What’s the hardest and also the greatest part about being a scientist? Realizing that there is so much we don’t know.
As humans, we crave answers. When faced with the unknown, we demand explanations. Not understanding something is unsettling—sometimes even terrifying. Staring into the night sky can evoke a deep sense of awe, but contemplating the enormity of the universe—and just how little we know about it—can make us feel powerless, tiny and anxious.
I believe that these exact feelings—both the positive and negative—are strong motivators to pursuing science. Scientists are experts at embracing the unknown. It can embrace a sense of wonder but also of disorientation. Acknowledging what we do not know does not always feel good, but it pushes us to seek a deeper understanding of the world around us.
I, like many others, was initially drawn to science because I found it exciting to learn about the wonders of the natural world. I became a cognitive scientist because I wanted to know how the mind works. I took my first psychology course as a senior in high school and was amazed by how much we know about the brain and human behavior. My freshman year of college, I took a course on consciousness. Each day I came to more clearly understand that we actually know quite little.
Many aspects of the mind remain a mystery to us. Scientific theories are not fact, but rather constantly under revision as we conduct further experiments. There are some aspects of the mind that we will perhaps never fully understand. Our inner experiences are inherently subjective and available only to us; only we can know what it is like to feel moved by art, to fall in love or to see the vibrant colors of a sunset. Quantifying these experiences using scientific measurement may only get us so far in explaining what it means to be human.
As I continued to learn, I saw a whole world of mysteries open up before my eyes. How do children acquire language so seamlessly? Why do emotions feel so distinctively different from other types of thoughts? What is pain? Can scientists ever fully understand these complexities of the human mind?
The more I learned, the more I realized I didn’t know. This is the funny thing about learning any given subject—be it consciousness, or something else entirely—it feels like we know a ton about it when our knowledge of that topic is merely surface level. But the deeper we get into the nitty gritty of it, we come to see that there is a great amount yet to be learned. The more we know about something, the better attuned we are to our own intellectual limitations.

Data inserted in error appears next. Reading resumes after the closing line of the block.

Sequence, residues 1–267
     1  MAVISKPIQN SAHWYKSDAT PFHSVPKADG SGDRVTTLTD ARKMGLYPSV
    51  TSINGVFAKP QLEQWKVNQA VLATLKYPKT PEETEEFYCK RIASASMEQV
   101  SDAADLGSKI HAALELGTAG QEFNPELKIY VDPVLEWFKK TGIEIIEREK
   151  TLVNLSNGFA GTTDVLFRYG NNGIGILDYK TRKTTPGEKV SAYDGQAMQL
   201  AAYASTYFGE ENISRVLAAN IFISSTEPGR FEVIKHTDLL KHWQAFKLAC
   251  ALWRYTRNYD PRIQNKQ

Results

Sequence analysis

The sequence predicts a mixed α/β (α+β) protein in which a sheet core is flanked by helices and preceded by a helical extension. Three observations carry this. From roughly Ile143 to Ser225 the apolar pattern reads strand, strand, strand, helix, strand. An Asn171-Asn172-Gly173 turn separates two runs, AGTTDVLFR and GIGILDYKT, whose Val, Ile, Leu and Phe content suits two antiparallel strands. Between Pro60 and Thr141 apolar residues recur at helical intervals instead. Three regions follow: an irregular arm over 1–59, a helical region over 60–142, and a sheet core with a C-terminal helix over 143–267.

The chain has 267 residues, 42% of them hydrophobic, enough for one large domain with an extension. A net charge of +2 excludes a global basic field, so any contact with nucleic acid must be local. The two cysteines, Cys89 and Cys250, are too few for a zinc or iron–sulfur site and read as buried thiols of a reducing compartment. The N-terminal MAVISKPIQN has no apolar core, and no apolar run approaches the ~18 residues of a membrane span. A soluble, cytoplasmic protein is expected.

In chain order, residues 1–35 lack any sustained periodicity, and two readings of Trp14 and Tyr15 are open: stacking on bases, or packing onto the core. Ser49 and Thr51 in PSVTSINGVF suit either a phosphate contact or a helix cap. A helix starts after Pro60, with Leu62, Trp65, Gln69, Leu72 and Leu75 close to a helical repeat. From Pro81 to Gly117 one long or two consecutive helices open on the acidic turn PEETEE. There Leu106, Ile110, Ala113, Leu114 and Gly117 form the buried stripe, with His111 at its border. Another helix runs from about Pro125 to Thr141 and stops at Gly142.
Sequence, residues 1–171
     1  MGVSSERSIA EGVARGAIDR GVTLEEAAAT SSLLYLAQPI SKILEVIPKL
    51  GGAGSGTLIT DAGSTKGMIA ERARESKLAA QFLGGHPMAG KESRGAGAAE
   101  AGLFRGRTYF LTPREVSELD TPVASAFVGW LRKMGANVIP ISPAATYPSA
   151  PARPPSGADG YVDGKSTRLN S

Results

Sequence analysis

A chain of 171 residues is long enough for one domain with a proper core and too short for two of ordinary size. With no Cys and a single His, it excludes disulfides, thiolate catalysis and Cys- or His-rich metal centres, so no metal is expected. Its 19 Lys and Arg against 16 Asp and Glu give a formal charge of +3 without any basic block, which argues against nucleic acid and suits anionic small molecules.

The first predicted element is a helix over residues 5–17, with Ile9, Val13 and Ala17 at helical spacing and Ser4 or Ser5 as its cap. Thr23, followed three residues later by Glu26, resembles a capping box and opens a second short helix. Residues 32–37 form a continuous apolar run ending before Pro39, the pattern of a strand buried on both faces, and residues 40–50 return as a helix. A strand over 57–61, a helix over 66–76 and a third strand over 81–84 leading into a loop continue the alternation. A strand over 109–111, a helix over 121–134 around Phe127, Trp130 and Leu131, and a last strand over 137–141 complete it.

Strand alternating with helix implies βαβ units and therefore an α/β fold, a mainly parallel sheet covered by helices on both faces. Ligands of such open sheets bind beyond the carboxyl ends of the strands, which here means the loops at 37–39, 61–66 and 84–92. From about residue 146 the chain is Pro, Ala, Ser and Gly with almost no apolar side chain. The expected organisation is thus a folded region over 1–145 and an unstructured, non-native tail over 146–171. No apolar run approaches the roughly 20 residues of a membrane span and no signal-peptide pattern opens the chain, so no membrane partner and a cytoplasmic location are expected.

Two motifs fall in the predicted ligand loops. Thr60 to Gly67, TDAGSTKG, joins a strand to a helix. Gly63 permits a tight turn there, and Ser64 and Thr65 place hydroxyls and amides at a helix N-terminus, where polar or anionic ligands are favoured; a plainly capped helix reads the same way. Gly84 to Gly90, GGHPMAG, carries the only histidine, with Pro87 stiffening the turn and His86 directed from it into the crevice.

People are notoriously bad at evaluating the extent to which they understand things—a phenomenon referred to as the “illusion of explanatory depth.” Most people, for example, think that they could explain how a bicycle works. But when asked to draw a bicycle, those same would put pen to paper and realize that they are actually at a loss. They know that bikes contain wheels, gears, chains and handlebars, but theyt are unable to explain how those parts are connected or give rise to a functioning whole.
People often display the same illusory understanding of scientific processes such as photosynthesis or natural selection. In high school, I approached many topics in cognitive science with an illusory understanding, but as I continued on in my studies, I developed a heightened awareness of how much I do not know.
I believe that, for many people, having to acknowledge the superficiality of their own knowledge can be a deterrent. Perhaps some people are aversive toward science because they approach it expecting to find definitive answers but actually come to realize that it involves a multitude of debates and unanswered questions. There might even be some basic personality traits that differentiate people who find this aspect of science to be off-putting as opposed to motivating.
My guess is that scientists have a lower need for cognitive closure—a higher tolerance for ambiguity and uncertainty in their environments. Would this mean that some people’s tolerance for ambiguity is what causes them to pursue an interest in science, or does the very act of participating in science cause one to find the uncertain nature of it more bearable?
I cannot answer this question. Maybe one day I will survey the personality traits of students in science courses to find out. My study might wind up providing me with few answers, it might turn out that my hypothesis was wholly incorrect, or it might be the case that the subject is tremendously more complex than I anticipated.
I do not know, and that is okay.